I would speak to the SENCO to see if she thinks statementing is a good idea, many SENCOs are willing to support an application, but it involves lots of paperwork and the school will have to show they have already put in a level of support and that the support given is not working/not enough, therefore they need extra funds to allow them to give additional support over and above the level the school budget can provide for. (that is really what a statement is for)
You can apply for a statement yourself, it doesn't have to be the school that makes the application, but I would find out if the school supports you before going down that road.
Where I live the council tend to reject the first application you put in (they can refuse your application to even asses) so having the schools back-up makes success much more likely, but don't give up at that point if it happens, thats what the council is hoping for and lots of people do give up at that point.
In the early (bad) days once the support was put in place, we found that lots of very positive encouragement really worked, I had to change my parenting style, no shouting, no loosing it and being angry (which was really hard sometimes) lots of rewarding good behaviour, ignoring bad. It was a lot of helicopter parenting for me, making sure I stepped in before a situation turned ugly (and sometimes bloody, especially with his brother who he really hurt a few times with bites and scratches). I became very firm with my direction and kept things simple, there was lots of deep breathing and counting to 10!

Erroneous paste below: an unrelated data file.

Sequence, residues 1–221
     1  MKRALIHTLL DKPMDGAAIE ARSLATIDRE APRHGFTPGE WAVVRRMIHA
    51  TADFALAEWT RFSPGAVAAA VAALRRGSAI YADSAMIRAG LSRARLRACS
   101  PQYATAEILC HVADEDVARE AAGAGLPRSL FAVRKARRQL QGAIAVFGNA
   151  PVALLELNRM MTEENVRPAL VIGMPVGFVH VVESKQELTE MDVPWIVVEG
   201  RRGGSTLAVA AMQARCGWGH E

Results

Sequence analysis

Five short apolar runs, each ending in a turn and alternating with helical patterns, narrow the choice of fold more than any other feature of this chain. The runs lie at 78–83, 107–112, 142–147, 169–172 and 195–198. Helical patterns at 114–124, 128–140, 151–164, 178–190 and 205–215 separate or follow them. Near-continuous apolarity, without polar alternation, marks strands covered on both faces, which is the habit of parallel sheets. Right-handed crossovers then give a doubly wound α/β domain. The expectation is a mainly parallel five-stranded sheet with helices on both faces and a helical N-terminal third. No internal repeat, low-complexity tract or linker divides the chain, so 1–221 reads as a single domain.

His key-worker did lots of work with him about being kind, helpful and sharing and he would go with her to other children in the playground if they were hurt or upset and help to comfort them, it really worked wonders as he got so much praise for being kind and became really aware that being hurt wasn't nice. His key-worker was really patient, calm and kind and she kept him as calm as possible, but we were also realistic, so for example didn't expect him to be able to share a book or even sit right next to another child.
We tried to keep things reasonably calm at home too (not always easy with two small boys especially as DS1 was a really active type) and I did not allow too much play-fighting or crazy running around as I learned that it always ended in tears.
They were many tears on my side too!
But my now 11 year old DS is the loveliest, most well behaved, kind, gentle boy, he is still quirky and tricky at times but I just love him to pieces.
PS be kind to yourself, do not blame yourself